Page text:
I agree a gas tax is not the best way to deal with congestion. The ideal would be to equip every car with GPS and tax optimally by current traffic. But you see the privacy issues. Gas tax is next best thing in the absence of tolls.

Telnar said...

On the theme of strategic complements, there are also economies of scale which are encouraged by inexpensive gasoline and generate a lot of consumer surplus. For example retail home delivery costs quite little compared to the value of the consumer time it saves to the busiest consumers, but I suspect that it has a minimum effecient scale which requires pricing attractive to people who place a fairly low marginal value on their time. Less expensive gasoline makes it easier to reach that scale.

dizmal said...

In response to various comments: There is little doubt that gas has negative externalities, just think of the pollution its use generates.

First, I'm willing to grant you that gasoline has negative externalities.

Congestion, however, is far more a function of "driving a vehicle at a specific time and place" than "using gasoline". A person driving a Prius at rush hour in Manhattan contributes to congestion. A person driving a Hummer on Saturday morning in Montana does not. There are far more direct and efficient ways of taxing congestion than taxing gasoline. For example, sell a special red license plate that allows the driver to be on certain roads during rush hour. Or, have electronic toll tags with rates that fluctuate higher during rush hour.

Second, I'm willing to grant you the idea that pigouvian taxes on things with negative externalities can make the world better.

Theory is good, but specific statements like "gasoline taxes should be $5 or $6" require support.

Can you offer anything at all to back this statement up?

How did you determine what the price of gasoline "should be"?

johnsharp9 said...

jeff, All I can see in response to my point about positive externalities is that you think they're small. Without any hard way to quantify this, there's nothing left to debate about. However, keep in mind the positive externality I'm referring to is the option to travel to lots of places, to have significant use of comparative advantage, to consume goods I would never have a change to otherwise touch. I can't see how that's "nebulous". I'm all for tabulating that externality (which you could measure by e.g. the amount people pay to move to such places), but don't be surprised if you don't like what you see.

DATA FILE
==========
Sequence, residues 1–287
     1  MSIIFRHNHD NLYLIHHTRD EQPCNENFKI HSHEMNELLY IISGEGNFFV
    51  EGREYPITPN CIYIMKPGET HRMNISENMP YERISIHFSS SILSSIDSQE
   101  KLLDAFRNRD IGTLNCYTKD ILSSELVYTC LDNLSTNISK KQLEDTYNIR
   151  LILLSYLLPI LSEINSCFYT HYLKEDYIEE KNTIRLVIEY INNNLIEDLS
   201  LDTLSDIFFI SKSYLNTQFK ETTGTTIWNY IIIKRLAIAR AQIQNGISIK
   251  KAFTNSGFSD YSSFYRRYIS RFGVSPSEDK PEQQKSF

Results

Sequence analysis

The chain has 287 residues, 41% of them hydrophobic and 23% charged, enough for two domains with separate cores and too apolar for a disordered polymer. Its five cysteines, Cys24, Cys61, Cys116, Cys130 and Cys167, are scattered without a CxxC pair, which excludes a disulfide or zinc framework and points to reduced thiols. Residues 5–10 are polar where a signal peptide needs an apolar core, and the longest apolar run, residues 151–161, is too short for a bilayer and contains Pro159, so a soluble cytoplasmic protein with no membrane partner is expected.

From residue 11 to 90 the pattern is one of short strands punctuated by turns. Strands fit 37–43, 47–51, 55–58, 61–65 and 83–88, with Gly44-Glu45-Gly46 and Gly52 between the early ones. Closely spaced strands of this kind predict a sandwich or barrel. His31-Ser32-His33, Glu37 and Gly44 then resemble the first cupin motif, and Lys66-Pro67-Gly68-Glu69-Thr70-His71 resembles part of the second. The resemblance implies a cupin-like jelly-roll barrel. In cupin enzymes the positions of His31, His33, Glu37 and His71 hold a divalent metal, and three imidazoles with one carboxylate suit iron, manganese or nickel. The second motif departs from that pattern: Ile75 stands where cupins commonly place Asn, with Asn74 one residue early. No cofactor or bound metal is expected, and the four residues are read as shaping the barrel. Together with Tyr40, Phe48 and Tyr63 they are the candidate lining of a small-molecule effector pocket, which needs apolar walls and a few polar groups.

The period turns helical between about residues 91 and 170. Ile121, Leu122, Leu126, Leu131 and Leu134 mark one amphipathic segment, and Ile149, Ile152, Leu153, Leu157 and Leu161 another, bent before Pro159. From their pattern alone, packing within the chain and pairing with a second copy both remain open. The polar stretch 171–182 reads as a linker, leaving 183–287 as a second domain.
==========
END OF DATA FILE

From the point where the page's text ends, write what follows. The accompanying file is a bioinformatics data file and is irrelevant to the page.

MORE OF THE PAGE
As for roads:

1) You've conceded that it's not a subsidy for oil, just "whatever happens to be best". I'm waiting for your accusations of it subsidizing solar technology when people drive solar cars.

2) I think you miss my point there. I was refuting the claim that drivers aren't paying the "real" cost of road use. To answer that, you only have to look at whether the demand sides *feels* the true cost through prices. If someone's taxes fail to cover the useless, pork-laden bridge to nowhere, I just don't see that as a case of him "not paying the full cost of his road usage". You see?

My position is robust across the public education example you give. If someone's taxes don't cover inefficient schools, but would cover efficient schools, I consider him as paying the true cost of education -- since it's not his fault the government is so inefficient at using his money to satisfy that need.

Econ Chris said...

"All I can see in response to my point about positive externalities is that you think they're small. Without any hard way to quantify this, there's nothing left to debate about."

This seems all-to-convenient for you, while you hand-wave a point about how gasoline is somehow a positive externality (???) using, let's say a... very "particular" definition of what an externality is. In general your point seems to be carefully constructed around some highly questionable assumptions-- like what a "positive externality" is or the fact that governments must always and everywhere be full of irrational bumbling fools-- even though we are talking about something that has nothing to do with competitive pressure (the usual justification for assuming governments are all morons as you seem to), but something very simple like levying a tax.

Perhaps your assumption about governments being inefficient does make sense in a world of competitive pressures that cause private enterprise to be more efficient. But taxing is not competitive. Your point is now almost entirely an article of faith.

As for the blog post, I like. When I think of taxing gas, I think of it from the perspective of a tragedy of the commons. It's completely rational for one person to get in a car powered by fossil fuels and pollute, but when everyone does it, strong and irreversible environmental costs become imposed over time. A gasoline tax discourages this race-to-pollute, through the usual channels.

As for congestion, while I agree that a gas tax is a weapon against it, I also agree with several comments pointing out that it's far from perfect for that. dizmal's post has some fascinating ideas on how to effectively attack congestion regardless of the vehicle fuel.

Though, I think for covering the cost of a public good, tolls would be better. We know-- and you posted on this even-- that pollution taxes work best in the long-run when offsetting labor taxation.